Created on July 14, 2003 by the Trafficking in Persons (Prohibition) Enforcement and Administration Act 2003, the agency is the Federal Government of Nigeria’s response to addressing the scourge of trafficking in persons. It was in fulfillment of the country’s international obligation under the Trafficking in Persons Protocol to prevent, suppress and punish trafficking in persons, especially women and children, supplementing the United Nations Transnational Organised Crime Convention (UNTOC) of which Nigeria became a signatory to the UNTOC and its Trafficking in Persons Protocol on December 13, 2000.

Although the Bill was passed by the National Assembly on July 7, 2003 and presidential assent given on July 14, 2003, the law which is operational throughout the country created NAPTIP as a specific multi-disciplinary crime-fighting agency and the nation’s focal institution to fight the scourge of trafficking in persons in the country, using the four pronged approach of Prevention, Protection, Prosecution and Partnership.

The Trafficking in Persons (Prohibition) Law Enforcement and Administration Act, 2003 went through an amendment in 2005, in a bid to further strengthen the agency. However, in 2015, as a result of the new trends in the crime of trafficking in persons and the need to further strengthen the institutional framework, the Act was repealed and the Trafficking in Persons (Prohibition), Enforcement and Administration Act 2015 was enacted. The new Act received presidential assent on March 26, 2015.

Reacting to this, Ayodeji Ayanleye, public health educator and psychologist, said tackling human trafficking in Nigeria could be a success only if we knew about the indicators of human trafficking.

Moving forward, he said both young and old could get such knowledge by attending human trafficking awareness trainings.

“Human trafficking has become such a serious issue that most organizations and groups across the country must include it as part of human development in their organizations.

“Once you notice any case of human trafficking or you suspect that such a thing is ongoing, never hesitate to report to the appropriate government security agencies that can handle such things. The Nigeria Police Force is one of the Organizations to inform about this act (Police are your Friend).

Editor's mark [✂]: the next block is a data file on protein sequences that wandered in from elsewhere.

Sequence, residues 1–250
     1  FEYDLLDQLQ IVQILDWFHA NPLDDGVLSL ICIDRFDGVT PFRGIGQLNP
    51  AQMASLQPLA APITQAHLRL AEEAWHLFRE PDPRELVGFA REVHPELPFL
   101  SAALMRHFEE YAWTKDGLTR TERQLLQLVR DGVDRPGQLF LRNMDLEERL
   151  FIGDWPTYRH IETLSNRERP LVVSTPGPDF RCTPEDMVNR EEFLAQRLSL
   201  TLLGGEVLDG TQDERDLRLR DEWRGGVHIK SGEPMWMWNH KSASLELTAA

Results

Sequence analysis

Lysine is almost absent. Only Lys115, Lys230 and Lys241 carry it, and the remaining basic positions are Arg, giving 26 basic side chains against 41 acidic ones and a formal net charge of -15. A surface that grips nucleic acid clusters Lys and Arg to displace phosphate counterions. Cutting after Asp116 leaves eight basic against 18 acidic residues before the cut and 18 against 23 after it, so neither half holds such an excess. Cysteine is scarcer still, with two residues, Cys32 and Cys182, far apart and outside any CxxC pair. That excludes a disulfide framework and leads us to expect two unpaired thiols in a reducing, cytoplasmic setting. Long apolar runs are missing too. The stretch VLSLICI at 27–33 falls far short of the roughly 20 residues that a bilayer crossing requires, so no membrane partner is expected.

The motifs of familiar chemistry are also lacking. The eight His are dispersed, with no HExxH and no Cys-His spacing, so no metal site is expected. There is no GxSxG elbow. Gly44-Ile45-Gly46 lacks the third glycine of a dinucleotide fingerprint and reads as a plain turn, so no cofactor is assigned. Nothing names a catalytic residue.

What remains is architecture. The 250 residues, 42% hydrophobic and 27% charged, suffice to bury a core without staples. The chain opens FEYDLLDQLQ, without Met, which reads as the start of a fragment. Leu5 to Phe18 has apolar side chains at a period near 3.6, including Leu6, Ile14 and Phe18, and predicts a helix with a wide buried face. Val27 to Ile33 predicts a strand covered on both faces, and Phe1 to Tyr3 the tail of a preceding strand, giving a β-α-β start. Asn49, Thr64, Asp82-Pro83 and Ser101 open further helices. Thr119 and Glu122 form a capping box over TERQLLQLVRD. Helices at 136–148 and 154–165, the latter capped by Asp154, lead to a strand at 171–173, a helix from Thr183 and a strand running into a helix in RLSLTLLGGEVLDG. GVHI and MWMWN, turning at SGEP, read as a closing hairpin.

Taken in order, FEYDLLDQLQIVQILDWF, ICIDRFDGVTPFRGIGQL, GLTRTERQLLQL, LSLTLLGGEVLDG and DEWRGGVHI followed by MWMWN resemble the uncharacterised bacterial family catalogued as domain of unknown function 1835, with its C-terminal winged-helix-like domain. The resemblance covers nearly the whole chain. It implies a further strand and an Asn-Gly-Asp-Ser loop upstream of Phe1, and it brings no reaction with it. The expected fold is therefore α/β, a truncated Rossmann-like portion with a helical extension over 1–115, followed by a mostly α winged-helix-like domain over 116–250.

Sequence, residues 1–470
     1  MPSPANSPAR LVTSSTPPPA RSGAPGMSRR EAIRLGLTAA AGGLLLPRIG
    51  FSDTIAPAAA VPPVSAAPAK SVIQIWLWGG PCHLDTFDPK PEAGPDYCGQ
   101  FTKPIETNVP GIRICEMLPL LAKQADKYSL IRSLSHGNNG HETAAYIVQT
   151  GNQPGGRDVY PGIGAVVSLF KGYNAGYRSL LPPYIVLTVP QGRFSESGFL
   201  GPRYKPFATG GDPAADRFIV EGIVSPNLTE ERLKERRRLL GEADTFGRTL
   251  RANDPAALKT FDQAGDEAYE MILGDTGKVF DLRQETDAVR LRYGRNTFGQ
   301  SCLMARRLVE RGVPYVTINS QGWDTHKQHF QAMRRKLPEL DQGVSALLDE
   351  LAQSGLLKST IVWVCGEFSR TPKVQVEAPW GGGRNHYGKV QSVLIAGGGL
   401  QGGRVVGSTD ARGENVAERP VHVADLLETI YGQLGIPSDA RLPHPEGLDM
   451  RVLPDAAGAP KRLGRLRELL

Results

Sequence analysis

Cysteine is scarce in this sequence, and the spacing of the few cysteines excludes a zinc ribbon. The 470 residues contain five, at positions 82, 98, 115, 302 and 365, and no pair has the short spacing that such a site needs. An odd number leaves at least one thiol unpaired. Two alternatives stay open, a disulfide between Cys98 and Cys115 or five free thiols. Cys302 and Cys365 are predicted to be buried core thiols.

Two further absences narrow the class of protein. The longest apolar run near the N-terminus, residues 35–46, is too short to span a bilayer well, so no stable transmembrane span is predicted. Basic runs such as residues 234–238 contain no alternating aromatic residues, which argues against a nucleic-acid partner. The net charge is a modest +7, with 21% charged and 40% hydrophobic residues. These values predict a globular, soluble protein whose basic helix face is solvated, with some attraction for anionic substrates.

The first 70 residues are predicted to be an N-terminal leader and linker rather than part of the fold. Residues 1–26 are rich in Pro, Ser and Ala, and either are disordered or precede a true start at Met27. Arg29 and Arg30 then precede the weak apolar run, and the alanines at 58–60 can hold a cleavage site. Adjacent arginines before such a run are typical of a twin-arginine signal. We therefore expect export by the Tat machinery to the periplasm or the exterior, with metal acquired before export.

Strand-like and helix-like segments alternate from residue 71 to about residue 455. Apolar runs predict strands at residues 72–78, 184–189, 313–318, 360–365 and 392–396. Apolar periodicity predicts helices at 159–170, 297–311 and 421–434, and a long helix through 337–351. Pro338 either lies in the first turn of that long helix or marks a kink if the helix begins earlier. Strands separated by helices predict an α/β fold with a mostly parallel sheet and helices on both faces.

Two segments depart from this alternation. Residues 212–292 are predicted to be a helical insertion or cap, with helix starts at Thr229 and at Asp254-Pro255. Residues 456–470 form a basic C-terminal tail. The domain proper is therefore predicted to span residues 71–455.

“You must never hesitate to become a volunteer in your community or set up a volunteer group that will be vigilant against human trafficking act. This will help to curb the menace faster, government should not be left alone to do the fighting.

“After setting up such a community awareness program against human trafficking, make sure you make the government aware of such so that they can give you required recognition and assistance when you need.”

“Public awareness is the one of the keys to fighting against human trafficking. You and members of your volunteer groups should hold public awareness programs to counter human trafficking. It will positively help your effort since it will get the general public aware of the problem, which will make it easier to curb human trafficking” he said

In the same vein, a security expert who preferred anonymity said the government should beef up security at the borders leading to the routes that the traffickers use.

“Also, there should be more aggressive enlightenment of the public about the danger. Let people know that whoever promises to get them jobs abroad without proper verification is a liar and a slave master.

“Above all, there should be severe punishment for perpetrators who are caught” he added.